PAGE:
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Monday, July 6, 2015

Recipe: Mark's Marinara Sauce For Pizza And Pasta

About 10 years ago I set out on a quest to learn to make the dishes that I loved to eat the most. As I learned to make basic Italian food like baked ziti and pizza dough, the sauce I was making evolved along side these dishes.

Below is the sauce I use for most of the Italian dishes I make. I always put some kind of meat in the sauce, but it would do just fine without meat.

Baked penne with Italian sausage


Mark's Marinara Sauce


1 large can or jar random spaghetti sauce or 2 cans plain tomato sauce
1 1/2 pounds Italian sausage or ground beef, browned
1 tablespoon fresh minced garlic
1 tablespoon Italian seasoning
2 tablespoons brown sugar
1/2 medium sweet onion, diced
1 small can mushrooms (optional)
1 small can tomato paste to thicken only if needed


Directions


Sauce: Mix everything but the meat and onions and put on low heat or in a slow cooker.

Meat: Brown whatever meat you are using with the onions at the same time. I always start out with a dash of olive oil in the pan and throw a little fresh minced garlic in there to roast a bit before I throw the meat in. For ground beef I add a dash of salt and pepper while browning the meat, but for the sausage I only do a dash of pepper.

Make sure to stop when the meat is slightly under-cooked as it will finish cooking in the sauce. Drain the grease but make sure to leave a little bit.

Add the slightly-undercooked meat to the sauce and let the sauce simmer for about 45 on low, or in a slow cooker on low for 8 hours or high for 3-4 hours.

Using The Sauce


What I usually do with a batch of this sauce is use about 3/4 of it for baked pasta, and save the leftover to make a pizza the next day. At first glance this recipe looks like you're putting too much meat and not enough sauce, but trust me, it makes a very rich sauce that everyone will rave about.

Sometimes the sauce for whatever reason isn't thick enough. Some brands of tomato sauce seem better and even batches among the same brand are thicker or thinner. So to thicken it up, I sometimes add the small can of tomato paste if needed.



Notes:

  • This recipe works fine with or without the small can of mushrooms.
  • I usually make this with Italian sausage but it's probably a little better with 50/50 ground beef and sausage.
  • This is one recipe where having a little body to the onions is bad. Ideally the onions just stew into the sauce and nobody notices they are there specifically. 
  • You can substitute minced garlic from a jar or even garlic powder, but it's not the same.
  • It doesn't really work without the sugar. It's everyone's grandmas' secret ingredient, though I use more and try to use high quality cane or brown sugar. You can reduce it to 1 tablespoon if you must.
  • This sauce is noticeably better if you stew it in a slow cooker on low for most of a day, still browning the meat first of course. When I do it in a slow cooker then I don't cook the onions with the meat. It all goes in the slow cooker separately. So it's a matter of deciding if it's worth waiting most of a day to eat it for having it be X amount better. Certainly not when it's 100 degrees outside as I type this!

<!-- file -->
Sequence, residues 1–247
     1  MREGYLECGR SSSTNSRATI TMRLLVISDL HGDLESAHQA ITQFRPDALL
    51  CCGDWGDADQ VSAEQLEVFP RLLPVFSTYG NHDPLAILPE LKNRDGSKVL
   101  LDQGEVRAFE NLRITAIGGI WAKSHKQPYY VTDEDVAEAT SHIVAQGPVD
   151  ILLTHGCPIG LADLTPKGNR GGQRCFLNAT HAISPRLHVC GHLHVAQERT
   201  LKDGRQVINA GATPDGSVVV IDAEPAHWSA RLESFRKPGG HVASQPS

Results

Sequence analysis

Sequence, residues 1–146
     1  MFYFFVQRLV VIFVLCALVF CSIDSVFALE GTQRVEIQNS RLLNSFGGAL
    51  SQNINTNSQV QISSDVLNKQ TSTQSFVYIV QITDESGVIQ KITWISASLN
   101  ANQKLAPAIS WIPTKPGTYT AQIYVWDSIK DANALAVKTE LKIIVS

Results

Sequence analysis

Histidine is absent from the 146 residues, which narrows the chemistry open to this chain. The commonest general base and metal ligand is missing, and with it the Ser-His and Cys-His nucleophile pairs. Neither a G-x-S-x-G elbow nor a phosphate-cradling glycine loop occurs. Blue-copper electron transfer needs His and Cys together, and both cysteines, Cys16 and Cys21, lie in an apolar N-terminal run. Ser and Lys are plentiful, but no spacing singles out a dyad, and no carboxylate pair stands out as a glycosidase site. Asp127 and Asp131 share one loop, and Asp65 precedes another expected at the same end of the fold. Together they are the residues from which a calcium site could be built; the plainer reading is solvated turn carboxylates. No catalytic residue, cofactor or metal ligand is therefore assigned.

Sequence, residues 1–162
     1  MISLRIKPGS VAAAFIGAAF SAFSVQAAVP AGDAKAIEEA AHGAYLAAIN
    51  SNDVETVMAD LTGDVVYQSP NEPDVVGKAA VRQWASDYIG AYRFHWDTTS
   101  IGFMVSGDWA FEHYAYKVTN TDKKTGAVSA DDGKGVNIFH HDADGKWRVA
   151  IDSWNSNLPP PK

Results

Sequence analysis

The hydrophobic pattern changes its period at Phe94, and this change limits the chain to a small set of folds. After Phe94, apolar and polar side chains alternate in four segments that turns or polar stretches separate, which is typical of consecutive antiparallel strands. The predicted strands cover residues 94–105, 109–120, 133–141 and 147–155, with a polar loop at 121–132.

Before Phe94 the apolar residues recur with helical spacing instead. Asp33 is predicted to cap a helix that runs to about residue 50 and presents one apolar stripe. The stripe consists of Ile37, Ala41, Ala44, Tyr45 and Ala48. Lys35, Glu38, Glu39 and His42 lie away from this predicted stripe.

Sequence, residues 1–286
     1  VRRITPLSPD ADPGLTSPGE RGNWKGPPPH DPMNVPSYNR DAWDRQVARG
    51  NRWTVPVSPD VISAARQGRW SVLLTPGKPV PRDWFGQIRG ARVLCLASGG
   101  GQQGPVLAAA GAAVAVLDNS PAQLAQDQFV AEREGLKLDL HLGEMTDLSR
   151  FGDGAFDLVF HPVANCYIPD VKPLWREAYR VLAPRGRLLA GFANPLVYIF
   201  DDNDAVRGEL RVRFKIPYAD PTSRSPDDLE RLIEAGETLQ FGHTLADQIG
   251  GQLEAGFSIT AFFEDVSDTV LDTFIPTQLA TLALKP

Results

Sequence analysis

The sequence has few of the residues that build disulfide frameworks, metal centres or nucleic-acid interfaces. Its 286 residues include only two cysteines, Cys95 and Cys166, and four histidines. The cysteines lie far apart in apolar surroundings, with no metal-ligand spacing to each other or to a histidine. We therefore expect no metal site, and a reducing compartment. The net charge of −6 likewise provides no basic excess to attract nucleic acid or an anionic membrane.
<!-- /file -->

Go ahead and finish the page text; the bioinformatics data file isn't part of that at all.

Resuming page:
Saturday, July 4, 2015

Box Of Knives In For Review

Ganzo and SanRenMu have great reputations for making quality pocket knives, so I was very happy to receive a couple of each from Gearbest.com which I didn't realize had started carrying pocket knives.

But even a bigger site is no guarantee of getting a legit product, so I'm putting these 4 through their paces. Ordering direct from China can reward you with a gem like some of the ones I have, or a knockoff of a knockoff if you are unlucky. So far these look good, and I have a friend who is a martial artist trained in knife combat helping me carry and test them.

Instead of having a Facebook page for The Outdoor Nerd, what I am going to do is just post more to the blog.

Below, just in for review:

- Ganzo G720
- Ganzo G704
- SanRenMu 7010
- SanRenMu 4077



Friday, July 3, 2015

No More Facebook

The Facebook page for The Outdoor Nerd had some loyal fans, and I apologize for deleting it. There was no way to keep the blog's page and delete my own personal page. I did a gut-check and I just wasn't into social media. I used to tell people who felt the same "don't throw the baby out with the bath water" but in the end for me it came down to too much dirty bath water and not enough baby photos.

Thanks to the people who liked my Facebook posts, and feel free to drop me an email at markwing at theoutdoornerd dot com if you have any suggestions or feedback about what I'm doing with the blog. I love to hear from readers!

UPDATE: It's actually been more peaceful not being on Facebook, and I've been thinking about it in very nerdy terms. It's like the first Star Trek: The Motion Picture where V'ger melts the radio interface so that Captain Kirk has to go there in person. So what I'm looking for is a simpler, more direct experience, just like V'ger.


Wednesday, July 1, 2015

Recipe: Garlic & Herb Pizza Dough

For about the last 10 years or so I've been making pizza with a dough recipe from a web site that no longer exists. I don't even remember the exact name of the defunct site, so I can't even give it credit. But I remember the recipe and I can share it!

Most people who try this pizza don't even talk--they just make animal sounds. The dough is only half of it though, and I will give the recipe for my own sauce in another article.



Garlic & Herb Pizza Dough


3 cups all-purpose flour
1/4 cup white or brown sugar
2 teaspoon salt
1 tablespoon yeast
1 tablespoon Italian seasoning
1 tablespoon minced garlic
1 cup milk, heated to 115 degrees
1/2 cup water, heated to 115 degrees
dash of olive oil (my addition)